Several Google Chromebooks, particularly the lower-priced models, come with just 2 GB of memory and for some, that’s just not enough. What often happens is that as more browser tabs are opened, data on older tabs simply disappears. These tabs have to be refreshed and that’s not ideal, especially if those tabs are being used for any communications or media consumption.
The problem happens on Chromebooks with 4 GB of RAM as well, but much less often. Still, even on the Chromebook Pixel, I experience it from time to time. The good news is that regardless of your Chromebook model, one quick command line with a restart can definitely help. The solution uses zRam or compressed swap space and you can use it on a Chromebook because it’s part of Linux, which is the underlying core of a Chrome OS device.
Essentially, zRam creates a swap disk to virtually increase the amount of memory your system can use. This is a description from the zRAM / compressed cache project site:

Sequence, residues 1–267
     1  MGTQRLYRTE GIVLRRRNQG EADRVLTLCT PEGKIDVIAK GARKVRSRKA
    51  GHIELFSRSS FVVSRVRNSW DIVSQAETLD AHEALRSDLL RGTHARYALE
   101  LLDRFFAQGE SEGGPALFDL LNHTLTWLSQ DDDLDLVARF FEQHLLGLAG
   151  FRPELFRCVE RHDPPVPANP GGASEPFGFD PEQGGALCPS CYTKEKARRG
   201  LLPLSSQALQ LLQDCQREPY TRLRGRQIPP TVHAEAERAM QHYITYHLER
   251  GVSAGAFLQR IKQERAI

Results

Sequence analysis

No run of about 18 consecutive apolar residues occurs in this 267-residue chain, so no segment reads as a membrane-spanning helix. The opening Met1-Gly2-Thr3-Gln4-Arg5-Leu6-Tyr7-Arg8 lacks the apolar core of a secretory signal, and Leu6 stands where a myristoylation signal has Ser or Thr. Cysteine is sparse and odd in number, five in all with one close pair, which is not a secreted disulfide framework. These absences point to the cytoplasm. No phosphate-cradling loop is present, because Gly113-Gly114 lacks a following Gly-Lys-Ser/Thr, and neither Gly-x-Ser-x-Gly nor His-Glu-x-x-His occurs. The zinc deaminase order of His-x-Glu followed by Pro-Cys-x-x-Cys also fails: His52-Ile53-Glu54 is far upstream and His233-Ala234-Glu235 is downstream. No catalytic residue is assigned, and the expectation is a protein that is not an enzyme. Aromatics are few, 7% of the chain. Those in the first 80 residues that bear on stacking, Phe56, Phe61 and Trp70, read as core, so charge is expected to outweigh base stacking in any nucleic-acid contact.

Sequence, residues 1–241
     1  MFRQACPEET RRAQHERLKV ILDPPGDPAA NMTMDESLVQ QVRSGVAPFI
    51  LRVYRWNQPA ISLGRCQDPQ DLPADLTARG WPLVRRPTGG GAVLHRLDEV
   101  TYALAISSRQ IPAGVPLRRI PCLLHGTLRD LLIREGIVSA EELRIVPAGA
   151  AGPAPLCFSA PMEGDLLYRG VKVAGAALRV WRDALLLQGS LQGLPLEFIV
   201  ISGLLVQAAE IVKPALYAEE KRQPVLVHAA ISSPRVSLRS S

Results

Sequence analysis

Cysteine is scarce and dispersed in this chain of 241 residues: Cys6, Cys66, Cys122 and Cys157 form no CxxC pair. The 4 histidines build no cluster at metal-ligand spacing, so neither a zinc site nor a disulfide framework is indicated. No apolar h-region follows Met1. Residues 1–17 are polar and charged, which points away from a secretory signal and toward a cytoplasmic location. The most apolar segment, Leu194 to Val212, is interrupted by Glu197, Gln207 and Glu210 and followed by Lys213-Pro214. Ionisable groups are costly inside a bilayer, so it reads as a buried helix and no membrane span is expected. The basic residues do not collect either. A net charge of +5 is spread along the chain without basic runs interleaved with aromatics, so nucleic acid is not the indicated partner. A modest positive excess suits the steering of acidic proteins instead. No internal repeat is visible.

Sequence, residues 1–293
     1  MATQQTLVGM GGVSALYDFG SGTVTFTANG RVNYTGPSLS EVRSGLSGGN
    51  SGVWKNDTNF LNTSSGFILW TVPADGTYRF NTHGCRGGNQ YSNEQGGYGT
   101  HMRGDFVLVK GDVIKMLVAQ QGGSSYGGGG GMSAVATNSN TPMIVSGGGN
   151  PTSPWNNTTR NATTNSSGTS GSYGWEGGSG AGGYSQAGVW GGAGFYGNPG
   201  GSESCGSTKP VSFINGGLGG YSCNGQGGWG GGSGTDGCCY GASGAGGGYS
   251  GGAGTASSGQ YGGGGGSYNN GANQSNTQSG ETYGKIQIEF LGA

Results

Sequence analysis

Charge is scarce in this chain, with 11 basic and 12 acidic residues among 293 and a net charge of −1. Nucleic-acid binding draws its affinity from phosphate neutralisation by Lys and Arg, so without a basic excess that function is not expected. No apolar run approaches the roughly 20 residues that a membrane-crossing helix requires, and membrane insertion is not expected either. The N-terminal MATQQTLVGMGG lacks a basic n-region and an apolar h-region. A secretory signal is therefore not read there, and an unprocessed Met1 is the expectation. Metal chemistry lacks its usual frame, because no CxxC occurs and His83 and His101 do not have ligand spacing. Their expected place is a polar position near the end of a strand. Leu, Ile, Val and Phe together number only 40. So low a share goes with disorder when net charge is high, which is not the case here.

“This project creates RAM based block device (named zram) which acts as swap disk. Pages swapped to this disk are compressed and stored in memory itself. Compressing pages and keeping them in RAM virtually increases its capacity. This allows more applications to fit in given amount of memory.”
Here are the simple steps I found in the Chromebook Central Google Group to enable it:
- Open up a terminal tab with the CTRL + ALT + T keys.
- Type “swap enable” (without the quotes).
- Restart your Chromebook.
That’s it! The change is persistent, meaning the swap file will stay active after each restart. If you want to disable it, just follow the same instructions but type “disable” instead of “enable.” And if you want to manage the actual size of the swap file, you can do that too: When enabling it, follow the command with a number representing the size of the swap file in megabytes.
I’ve used this function on several Chromebook models and have noticed that blank tabs are mostly a thing of the past, even after opening and closing dozens of tabs during a typical day.
The nice thing is that you have nothing to lose by enabling the swap function since it can easily be disabled. Even better: As of last month, Google is experimenting to see if enabling swap by default is a viable option.